After last year’s Zirkus I had very high hopes for this year’s Sleaze Ball – The Villains’ Lair. Last year we saw a return to form in many ways – a variety of spaces, a hot sexy vibe, awesome production values including explosions of fire, kinky shows and costumes. This year’s Sleaze Ball felt decidedly unsleazy, and while the Mardi Gras team had obviously worked hard to create a party full of surprises, ultimately it was lacking in sexiness and cohesion.
The party got off to a promising start. The Hordern looked awesome and was decked out with futuristic, almost Star-Trek scenic, complete with generous lighting and lasers, towering silver statues and video screens. A lot of people had dressed up, most people’s interpretation of the theme was pretty obvious, and the cumulative effect of too many superhero and super-villain costumes made it feel more like a halloween party than a Sleaze Ball.
Alan Thompson kicked off the party in fine form, keeping it sexy and dark, but full of crowd favourites, until the midnight show burst onto the mainstage. Drag queens, cyborgs and a sexy troupe of demonic dancers bumped and grinded their way through a mash up of Gwen Stefani’s What You Waiting For? and Pussycat Dolls’ When I Grow Up. This year the distinctive Mardi Gras voice-over who announces each act and who asks everyone to thank the DJs and performers was augmented to sound robotic and synthesised, and while it kept with the theme, I missed his warm, familiar tones. Ordinarily, hearing him announce “Welcome to Sleaze Ball!” or “Welcome to Mardi Gras!” gives me goosebumps, but at times this altered version was hard to understand.
Next onstage were The Potbelleez, a performance that bombed for a number of reasons. They seemed tired, off-kilter and worn down. They didn’t make any attempt to really engage with the fact that this was Sleaze Ball. There were some moments, particularly when they were yelling out lines like, “Yeah! Sleaze Ball! Whoo!” where I felt thoroughly disillusioned. I could have been at a footy grand final or a straight New Year’s Eve event on Bondi Beach. They completely set the wrong tone, and were, in a word, irrelevant. Due to the Dome being closed, there was little escape, and those who couldn’t bear it were driven to the brightly lit and decidedly unsleazy forecourt. When I left the Hordern they were playing Don’t Hold Back, and when I returned at the end of the set they were still playing Don’t Hold Back. ‘Is there anybody out there?’ indeed.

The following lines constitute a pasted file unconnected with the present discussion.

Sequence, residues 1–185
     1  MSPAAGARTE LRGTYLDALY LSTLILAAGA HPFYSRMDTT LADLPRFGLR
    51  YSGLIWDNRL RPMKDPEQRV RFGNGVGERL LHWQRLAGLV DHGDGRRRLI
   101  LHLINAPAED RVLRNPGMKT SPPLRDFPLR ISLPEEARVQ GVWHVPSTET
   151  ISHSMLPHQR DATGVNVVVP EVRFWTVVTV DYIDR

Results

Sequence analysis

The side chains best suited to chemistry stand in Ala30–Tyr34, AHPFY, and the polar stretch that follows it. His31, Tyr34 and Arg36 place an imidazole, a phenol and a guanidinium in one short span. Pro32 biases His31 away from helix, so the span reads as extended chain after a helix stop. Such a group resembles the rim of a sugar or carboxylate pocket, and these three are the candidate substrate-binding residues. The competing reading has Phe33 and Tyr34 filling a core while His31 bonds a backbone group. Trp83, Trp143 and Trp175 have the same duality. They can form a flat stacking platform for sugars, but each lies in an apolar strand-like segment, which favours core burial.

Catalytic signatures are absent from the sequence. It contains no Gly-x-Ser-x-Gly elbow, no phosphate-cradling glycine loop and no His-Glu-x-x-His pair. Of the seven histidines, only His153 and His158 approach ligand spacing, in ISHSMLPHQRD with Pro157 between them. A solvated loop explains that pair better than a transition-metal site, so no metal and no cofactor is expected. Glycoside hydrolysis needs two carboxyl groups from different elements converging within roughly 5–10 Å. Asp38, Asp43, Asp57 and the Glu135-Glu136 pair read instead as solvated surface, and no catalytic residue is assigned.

Mardi Gras had obviously put their thinking caps on, doing their best to create some interesting happenings around the venue. There was an aerial kidnapping, where a figure dropped from the ceiling, grabbed a partygoer and whisked them up into the sky. There was a 6am show with a cast of bears who poured and rubbed mud all over each other. In the wee hours, performers on stilts wandered through the forecourt crowd as large stick insects.
After the awful performance from The Potbelleez the remaining Hordern DJs – Sveta, Mark Murphy and late addition Simon Caldwell, had their work cut out for them. They did their best to belt out dark, sexy, big room tracks and while there were definite moments, overall it didn’t quite hit the mark. While it was admirable of Mardi Gras to try to take the music in the Hordern down this path, it was a risky gamble that didn’t quite pay off.
Not including the Dome in the footprint was obviously a last minute budget decision, but it was a fundamental flaw. Attempts to create a ‘Dome like’ atmosphere in the Hordern unfortunately failed and while there was a dance space in the forecourt it was fundamentally a chill out space.
As always I take my hat off to the volunteers and to those who work hard and give up their time to produce these events. The party may have sold out, due to the smaller footprint, and not including the Dome may have made the party a success financially, but as someone who tends to spend most of their time in the Dome every year at Sleaze, and as someone who goes to these events to feel sexy, recharged and inspired, this party will live on in my mind as the unsleaziest Sleaze in history. If this is the direction that this party is heading in, I think it’s time for a name change.
Well done to the folk behind Action at the Arthouse, Rising and Extra Dirty – parties that actually provided us with some authentic sleaze over the Sleaze long weekend, and not just fancy dress.